The Western Maryland Food Bank is holding its annual Bags of Plenty food drive beginning Nov. 13. The food bank distributes bags and encourages people to fill the bags with nonperishable foods and return them to the food bank or a designated site.

For more information on the food drive, call the Western Maryland Food Bank at 301-722-2797.

Greg Larry can be contacted at glarry@times-news.com.

1
Text Only
Latest news
  • Sheriff warns of scams targeting taxpayers

    CUMBERLAND — Allegany County Sheriff Craig Robertson cautioned residents Thursday to be aware of continuing telephone scams that are targeting taxpayers.

    April 17, 2014

  • DSC_0446.JPG Oakland returns to normal after tanker accident

    OAKLAND — Nearly 12 hours after a propane tanker overturned in the heart of its business district, the town of Oakland returned to normal early Wednesday night.

    April 17, 2014 1 Photo

  • New River Gorge bald eagle dies from injuries

    CHARLESTON, W.Va. (AP) — A female bald eagle that nested in the New River Gorge has died from injuries suffered last month when she was hit by a train and later by a vehicle.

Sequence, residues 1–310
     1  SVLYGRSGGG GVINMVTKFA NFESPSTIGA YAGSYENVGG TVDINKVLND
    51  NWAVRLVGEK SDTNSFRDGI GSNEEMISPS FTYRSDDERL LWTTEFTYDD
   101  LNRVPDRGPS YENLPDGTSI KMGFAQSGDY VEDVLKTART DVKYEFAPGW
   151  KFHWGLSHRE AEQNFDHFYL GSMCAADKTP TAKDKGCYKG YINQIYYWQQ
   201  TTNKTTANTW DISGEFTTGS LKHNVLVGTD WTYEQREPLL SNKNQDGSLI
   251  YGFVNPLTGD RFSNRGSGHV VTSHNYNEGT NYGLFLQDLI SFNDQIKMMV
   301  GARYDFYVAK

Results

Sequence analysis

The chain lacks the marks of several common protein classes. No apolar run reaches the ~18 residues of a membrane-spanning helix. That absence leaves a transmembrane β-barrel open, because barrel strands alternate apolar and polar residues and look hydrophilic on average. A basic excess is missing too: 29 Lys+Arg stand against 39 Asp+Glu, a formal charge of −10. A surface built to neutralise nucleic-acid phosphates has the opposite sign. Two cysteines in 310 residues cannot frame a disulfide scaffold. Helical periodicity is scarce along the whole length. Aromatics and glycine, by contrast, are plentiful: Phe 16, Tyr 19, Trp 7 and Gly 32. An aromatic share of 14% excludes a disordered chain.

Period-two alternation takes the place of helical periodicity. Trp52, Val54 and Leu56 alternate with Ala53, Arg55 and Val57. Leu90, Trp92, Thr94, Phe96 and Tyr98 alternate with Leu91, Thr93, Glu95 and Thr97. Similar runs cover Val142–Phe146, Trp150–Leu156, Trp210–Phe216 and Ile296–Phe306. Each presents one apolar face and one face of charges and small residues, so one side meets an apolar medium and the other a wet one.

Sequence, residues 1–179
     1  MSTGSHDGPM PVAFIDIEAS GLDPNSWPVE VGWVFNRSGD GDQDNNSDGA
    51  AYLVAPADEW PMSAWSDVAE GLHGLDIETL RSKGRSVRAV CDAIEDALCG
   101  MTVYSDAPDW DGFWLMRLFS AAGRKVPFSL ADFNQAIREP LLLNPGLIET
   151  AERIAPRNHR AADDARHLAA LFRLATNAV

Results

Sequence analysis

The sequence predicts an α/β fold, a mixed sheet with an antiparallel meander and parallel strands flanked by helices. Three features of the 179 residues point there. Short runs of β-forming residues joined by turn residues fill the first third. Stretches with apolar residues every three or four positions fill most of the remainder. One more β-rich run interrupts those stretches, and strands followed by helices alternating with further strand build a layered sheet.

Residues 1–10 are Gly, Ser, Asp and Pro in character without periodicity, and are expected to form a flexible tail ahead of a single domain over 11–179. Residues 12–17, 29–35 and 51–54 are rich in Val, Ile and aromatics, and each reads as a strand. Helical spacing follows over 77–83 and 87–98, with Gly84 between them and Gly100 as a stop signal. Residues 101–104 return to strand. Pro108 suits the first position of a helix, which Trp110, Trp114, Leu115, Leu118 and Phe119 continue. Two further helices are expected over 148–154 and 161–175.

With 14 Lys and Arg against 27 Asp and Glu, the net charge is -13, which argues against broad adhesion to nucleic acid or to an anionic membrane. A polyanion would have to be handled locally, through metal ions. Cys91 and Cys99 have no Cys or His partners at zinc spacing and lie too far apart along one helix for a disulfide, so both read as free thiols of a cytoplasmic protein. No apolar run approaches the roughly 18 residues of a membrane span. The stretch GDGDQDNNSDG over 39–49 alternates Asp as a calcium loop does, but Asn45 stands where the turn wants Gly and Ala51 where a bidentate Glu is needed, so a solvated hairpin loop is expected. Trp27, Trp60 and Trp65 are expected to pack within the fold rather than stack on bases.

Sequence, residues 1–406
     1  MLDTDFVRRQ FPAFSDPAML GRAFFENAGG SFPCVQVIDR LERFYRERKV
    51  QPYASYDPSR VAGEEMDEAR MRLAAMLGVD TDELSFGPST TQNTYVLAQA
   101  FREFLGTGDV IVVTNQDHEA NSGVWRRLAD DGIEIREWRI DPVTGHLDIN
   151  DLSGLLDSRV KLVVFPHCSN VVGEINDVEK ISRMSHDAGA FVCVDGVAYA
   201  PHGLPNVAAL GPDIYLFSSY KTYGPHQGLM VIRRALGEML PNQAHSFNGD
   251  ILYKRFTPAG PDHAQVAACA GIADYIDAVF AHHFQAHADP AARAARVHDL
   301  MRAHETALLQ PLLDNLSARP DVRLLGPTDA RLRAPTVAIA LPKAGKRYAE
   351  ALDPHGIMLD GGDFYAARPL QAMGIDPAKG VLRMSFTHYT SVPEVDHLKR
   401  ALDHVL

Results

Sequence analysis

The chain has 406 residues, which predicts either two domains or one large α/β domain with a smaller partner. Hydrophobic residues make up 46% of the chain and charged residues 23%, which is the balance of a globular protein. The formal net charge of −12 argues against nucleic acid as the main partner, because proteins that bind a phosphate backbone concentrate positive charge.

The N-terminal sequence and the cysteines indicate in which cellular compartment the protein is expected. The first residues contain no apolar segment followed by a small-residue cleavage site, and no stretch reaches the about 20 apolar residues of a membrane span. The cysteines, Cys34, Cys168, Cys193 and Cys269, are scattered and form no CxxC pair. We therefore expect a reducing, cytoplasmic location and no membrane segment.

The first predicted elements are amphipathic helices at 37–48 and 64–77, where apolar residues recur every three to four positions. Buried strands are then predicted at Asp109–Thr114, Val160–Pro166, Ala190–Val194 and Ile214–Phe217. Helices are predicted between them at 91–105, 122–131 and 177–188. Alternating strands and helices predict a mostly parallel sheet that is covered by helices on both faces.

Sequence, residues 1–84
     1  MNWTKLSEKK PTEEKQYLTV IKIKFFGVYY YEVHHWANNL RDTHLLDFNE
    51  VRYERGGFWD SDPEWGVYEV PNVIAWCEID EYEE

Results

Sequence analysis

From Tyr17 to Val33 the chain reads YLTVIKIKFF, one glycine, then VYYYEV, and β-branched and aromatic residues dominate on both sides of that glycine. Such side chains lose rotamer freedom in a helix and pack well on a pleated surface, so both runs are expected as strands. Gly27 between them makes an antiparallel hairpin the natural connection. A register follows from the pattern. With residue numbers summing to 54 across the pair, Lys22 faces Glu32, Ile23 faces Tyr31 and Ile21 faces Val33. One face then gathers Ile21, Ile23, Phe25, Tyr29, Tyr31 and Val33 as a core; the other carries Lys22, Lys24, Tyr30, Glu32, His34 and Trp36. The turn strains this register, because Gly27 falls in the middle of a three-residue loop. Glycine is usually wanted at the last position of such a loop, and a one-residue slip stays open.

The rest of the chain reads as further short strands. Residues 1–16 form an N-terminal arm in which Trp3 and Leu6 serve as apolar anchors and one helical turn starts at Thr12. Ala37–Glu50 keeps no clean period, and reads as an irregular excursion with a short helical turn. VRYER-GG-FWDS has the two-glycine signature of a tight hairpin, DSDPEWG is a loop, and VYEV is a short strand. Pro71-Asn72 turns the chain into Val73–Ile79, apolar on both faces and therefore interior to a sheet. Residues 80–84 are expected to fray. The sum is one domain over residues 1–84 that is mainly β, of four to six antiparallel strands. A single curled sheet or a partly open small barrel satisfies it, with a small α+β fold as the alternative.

April 17, 2014

  • 10 things to know for today

    Your daily look at late-breaking news, upcoming events and the stories that will be talked about today:
     

    April 17, 2014

  • Park Service opens Canal Classrooms Park Service opens Canal Classrooms

    CUMBERLAND – The National Park Service held a ribbon-cutting event Wednesday for a new program called Canal Classrooms, which will offer students pre-K through fifth grade accredited classwork on the Canal Place grounds.

    April 17, 2014 1 Photo

  • City, county officials to talk baseball at work session

    CUMBERLAND — During today’s Allegany County Commission work session, a proposal to study the possibility of bringing a professional-level baseball team to the area will be vetted again, this time with participants from the city of Cumberland.

    April 17, 2014

  • EversolCody004.jpg Cody Eversole named Kelley Award winner

    KEYSER, W.Va. — Keyser High School senior Cody Eversole was named this year’s J. Edward Kelley Award winner during a ceremony Wednesday morning at Potomac State College.

    April 16, 2014 1 Photo

  • DSC_0464.JPG Cranes set up to remove overturned fuel tanker in Oakland

    OAKLAND — Two large cranes were being set up early Wednesday afternoon in downtown Oakland to remove a fuel tanker that overturned several hours earlier and forced evacuation of the business district.

    April 16, 2014 1 Photo

  • Students support renovation of Southern Middle School

    OAKLAND — Students from both Southern and Northern middle schools presented a list of reasons why Southern Middle needs to be renovated during the Garrett County Commission meeting Tuesday.

    April 16, 2014

  • Oakland business district evacuated after tanker overturns

    OAKLAND — The town of Oakland business district was evacuated Wednesday when a tanker carrying 10,000 gallons of liquid propane overturned at Oak and Third streets at about 9:35 a.m., according to Garrett County officials.

    April 16, 2014